I didn’t want to have to do this, but it’s time for my first feminist rant.
Now look here. Georgia has abysmally poor gender relations. Not as bad as Iran, but much, much worse than America. I’m sorry to all the Georgians if it hurts to hear that, but it’s the truth.
I commented on a previous post that a lot of American girls were complaining because men were groping them, proposing marriage to them, refusing to take no for an answer, etc. A couple of people replied that it’s the same everywhere else. Well, I have news for you: actually, it’s not.
In America, we have laws against sexually harassing women. We have laws against unwarranted sexual touching. Sure, there are gropers in America, but there are also ad campaigns on the NYC subway telling women that if they are touched inappropriately they should tell an MTA employee who will call the cops. The American legal system isn’t perfect, but at least our society has an enforcement mechanism in place that is designed to protect women from predatory males.
Now, in Georgia, what do they have? They have the patroni system, in which Georgian men respect Georgian women because they are afraid of that woman’s male relatives. What is wrong with this picture? Anyone?
Well, it’s simple. Human beings are supposed to have rights regardless of how many male relatives they have. The fact is, calling a woman “upatrono” is an insult in this country. What does that word mean? It means that she doesn’t have a male relative to look after her. Why would a woman need one of those in a society with any respect for the basic fundamental idea that women are human beings just like men are?
Our TLG group was given days of training in which we were told over and over again, for hours, that women were not to go out alone. Women could not go to a bar alone. Women should not get in a cab alone. If possible, women should travel with male escorts.
Were these lies or exaggerations? In the group before ours, a Georgian man literally threw an American woman who he had just met over his shoulder at a local restaurant and tried to leave with her. In our group, an American woman was almost raped at the bar across the street from our training site. These are the most extreme incidents I have heard, but I have also heard about the insistent come-ons, the marriage proposals, the groping, and the general complete lack of decorum and respect for American women, basically every time they go out. Now, I know that we have these things in America, but we don’t have them happen so blatantly, frequently, and publicly. Women I know feel safe going out alone in New York City knowing that the odds are good that they won’t get groped by some asshole at a bar or a club. Women in NYC rarely field marriage proposals from complete fucking strangers.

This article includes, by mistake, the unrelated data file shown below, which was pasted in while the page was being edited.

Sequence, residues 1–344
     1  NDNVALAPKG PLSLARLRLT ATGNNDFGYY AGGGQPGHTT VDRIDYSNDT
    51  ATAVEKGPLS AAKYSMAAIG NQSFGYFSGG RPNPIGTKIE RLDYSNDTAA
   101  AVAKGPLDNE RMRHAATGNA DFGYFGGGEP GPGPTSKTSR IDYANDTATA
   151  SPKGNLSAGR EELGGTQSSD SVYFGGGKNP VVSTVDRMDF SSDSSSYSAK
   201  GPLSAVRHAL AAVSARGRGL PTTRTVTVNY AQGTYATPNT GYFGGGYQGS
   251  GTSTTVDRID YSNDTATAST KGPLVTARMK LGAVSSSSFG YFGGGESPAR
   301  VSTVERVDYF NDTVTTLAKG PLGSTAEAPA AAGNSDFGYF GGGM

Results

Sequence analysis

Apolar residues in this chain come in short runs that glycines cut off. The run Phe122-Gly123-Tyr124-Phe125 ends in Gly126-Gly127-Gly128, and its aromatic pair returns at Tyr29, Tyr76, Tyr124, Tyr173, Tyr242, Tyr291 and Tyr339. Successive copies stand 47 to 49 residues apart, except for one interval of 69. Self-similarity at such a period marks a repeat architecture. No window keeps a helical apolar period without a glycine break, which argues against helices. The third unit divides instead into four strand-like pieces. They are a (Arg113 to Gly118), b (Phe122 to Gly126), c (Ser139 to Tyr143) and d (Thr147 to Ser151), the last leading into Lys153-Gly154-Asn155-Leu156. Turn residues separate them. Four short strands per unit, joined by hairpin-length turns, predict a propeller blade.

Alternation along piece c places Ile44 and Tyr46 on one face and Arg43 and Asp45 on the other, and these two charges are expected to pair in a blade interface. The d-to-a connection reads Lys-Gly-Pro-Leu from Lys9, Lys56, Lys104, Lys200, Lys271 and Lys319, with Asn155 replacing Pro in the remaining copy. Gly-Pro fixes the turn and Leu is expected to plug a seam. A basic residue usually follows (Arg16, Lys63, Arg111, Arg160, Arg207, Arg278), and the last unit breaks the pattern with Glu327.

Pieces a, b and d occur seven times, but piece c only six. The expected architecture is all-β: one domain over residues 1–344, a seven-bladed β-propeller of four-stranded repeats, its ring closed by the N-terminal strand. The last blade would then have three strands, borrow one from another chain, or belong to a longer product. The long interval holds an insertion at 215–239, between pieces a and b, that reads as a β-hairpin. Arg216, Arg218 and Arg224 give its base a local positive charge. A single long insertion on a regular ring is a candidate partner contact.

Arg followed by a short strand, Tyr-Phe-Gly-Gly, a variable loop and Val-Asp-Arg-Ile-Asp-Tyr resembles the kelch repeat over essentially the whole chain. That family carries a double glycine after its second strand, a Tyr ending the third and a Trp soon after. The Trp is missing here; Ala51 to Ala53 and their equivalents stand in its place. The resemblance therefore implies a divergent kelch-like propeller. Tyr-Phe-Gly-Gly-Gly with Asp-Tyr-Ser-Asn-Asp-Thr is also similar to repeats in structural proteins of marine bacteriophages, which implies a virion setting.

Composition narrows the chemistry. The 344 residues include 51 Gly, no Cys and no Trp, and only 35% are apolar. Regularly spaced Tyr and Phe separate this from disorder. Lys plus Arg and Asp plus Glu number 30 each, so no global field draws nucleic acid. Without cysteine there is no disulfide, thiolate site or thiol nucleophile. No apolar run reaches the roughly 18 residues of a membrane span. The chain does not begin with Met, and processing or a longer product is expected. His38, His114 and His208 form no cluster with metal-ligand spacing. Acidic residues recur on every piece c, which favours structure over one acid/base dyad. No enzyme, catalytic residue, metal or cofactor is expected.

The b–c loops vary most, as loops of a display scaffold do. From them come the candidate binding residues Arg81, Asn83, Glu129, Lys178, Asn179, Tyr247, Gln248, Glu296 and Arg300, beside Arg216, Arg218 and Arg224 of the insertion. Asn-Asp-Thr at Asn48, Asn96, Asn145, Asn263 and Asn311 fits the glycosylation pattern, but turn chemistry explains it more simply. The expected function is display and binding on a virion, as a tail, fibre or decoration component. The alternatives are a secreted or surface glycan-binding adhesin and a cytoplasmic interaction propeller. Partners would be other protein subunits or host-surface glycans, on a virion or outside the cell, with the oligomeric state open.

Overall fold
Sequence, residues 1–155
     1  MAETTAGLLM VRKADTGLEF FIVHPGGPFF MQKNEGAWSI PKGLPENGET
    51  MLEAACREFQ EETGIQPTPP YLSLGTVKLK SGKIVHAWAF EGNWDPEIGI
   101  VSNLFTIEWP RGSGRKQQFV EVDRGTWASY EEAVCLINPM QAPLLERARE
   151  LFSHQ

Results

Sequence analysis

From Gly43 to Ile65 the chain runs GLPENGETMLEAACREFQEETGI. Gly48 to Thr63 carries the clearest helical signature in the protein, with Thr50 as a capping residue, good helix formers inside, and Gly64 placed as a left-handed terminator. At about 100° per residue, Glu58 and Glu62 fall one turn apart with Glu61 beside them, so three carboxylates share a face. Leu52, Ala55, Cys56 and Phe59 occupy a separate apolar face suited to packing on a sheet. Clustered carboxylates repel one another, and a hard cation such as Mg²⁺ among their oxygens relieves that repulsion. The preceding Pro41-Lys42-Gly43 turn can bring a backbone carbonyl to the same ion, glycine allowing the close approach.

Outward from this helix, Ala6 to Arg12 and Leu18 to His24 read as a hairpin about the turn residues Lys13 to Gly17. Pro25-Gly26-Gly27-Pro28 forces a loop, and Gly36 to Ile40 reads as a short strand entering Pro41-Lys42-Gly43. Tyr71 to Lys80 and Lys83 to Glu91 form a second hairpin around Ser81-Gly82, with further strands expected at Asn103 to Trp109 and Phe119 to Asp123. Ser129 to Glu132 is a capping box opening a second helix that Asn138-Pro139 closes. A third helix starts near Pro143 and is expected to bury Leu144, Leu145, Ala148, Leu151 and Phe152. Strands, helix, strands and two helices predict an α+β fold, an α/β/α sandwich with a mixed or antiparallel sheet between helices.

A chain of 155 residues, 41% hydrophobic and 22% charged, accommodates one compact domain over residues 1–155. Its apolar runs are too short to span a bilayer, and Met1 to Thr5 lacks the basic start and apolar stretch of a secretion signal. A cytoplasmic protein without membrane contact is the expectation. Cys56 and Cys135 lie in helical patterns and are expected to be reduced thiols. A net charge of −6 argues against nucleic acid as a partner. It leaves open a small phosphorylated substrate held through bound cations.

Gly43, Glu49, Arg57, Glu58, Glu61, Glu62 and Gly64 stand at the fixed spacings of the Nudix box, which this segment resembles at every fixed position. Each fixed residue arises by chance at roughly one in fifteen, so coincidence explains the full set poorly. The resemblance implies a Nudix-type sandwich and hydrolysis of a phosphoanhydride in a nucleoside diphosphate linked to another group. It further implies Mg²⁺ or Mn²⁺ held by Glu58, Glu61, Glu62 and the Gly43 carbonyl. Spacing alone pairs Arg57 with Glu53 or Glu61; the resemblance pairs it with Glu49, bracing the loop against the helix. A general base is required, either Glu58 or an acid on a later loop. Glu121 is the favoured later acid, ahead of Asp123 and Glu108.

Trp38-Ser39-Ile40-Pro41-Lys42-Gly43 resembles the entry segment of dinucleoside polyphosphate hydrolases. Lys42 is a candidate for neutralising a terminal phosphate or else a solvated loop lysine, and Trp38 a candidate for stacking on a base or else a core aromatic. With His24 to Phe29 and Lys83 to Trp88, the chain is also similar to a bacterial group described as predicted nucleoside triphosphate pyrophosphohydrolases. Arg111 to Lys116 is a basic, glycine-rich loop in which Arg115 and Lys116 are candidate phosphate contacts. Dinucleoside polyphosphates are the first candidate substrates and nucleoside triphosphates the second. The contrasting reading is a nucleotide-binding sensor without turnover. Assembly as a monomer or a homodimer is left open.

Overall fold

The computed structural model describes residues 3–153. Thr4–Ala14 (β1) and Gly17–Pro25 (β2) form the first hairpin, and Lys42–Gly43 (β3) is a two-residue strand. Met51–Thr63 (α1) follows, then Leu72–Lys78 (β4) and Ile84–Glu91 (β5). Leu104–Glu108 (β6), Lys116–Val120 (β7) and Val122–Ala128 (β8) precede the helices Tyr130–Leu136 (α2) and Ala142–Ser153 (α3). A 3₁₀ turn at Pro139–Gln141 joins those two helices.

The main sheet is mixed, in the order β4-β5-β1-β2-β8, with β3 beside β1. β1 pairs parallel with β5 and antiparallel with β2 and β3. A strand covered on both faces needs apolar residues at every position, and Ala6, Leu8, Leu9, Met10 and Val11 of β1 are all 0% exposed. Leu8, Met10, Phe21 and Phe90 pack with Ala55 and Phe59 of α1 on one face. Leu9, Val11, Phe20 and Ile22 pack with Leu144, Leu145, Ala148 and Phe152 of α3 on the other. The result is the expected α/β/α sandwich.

Frankly, the fact that an American woman can’t feel safe taking a taxi cab alone at night in Tbilisi or going to a bar without a male chaperone is a shame on Georgia. And the fact that some people just laugh it off and say “well, that’s just the way it is, guys are the same everywhere” is also a shame. Anyone with any respect for women as human beings would be appalled by these stories and their frequency and ubiquity, but some people who commented on my previous post resorted to name-calling, denial, and xenophobic comments like “well nobody forced you to come here.”
So yeah, I’m kind of angry. The way it is for women in Georgia is not just the way it is, and even if it were, we should still want to change it because it’s fucking awful to treat women like property.
And getting on the internet and lying about it isn’t going to help, because the women who are here living this treatment are going to talk about it, and word of mouth will spread, and then if you’re not careful people in America will start lumping Georgia in with all those countries just to the south of Georgia where women cover their heads in public and get stoned to death for adultery. If you really want to make a good impression on the world, do something about the way the men here act instead of acting like it’s not a problem.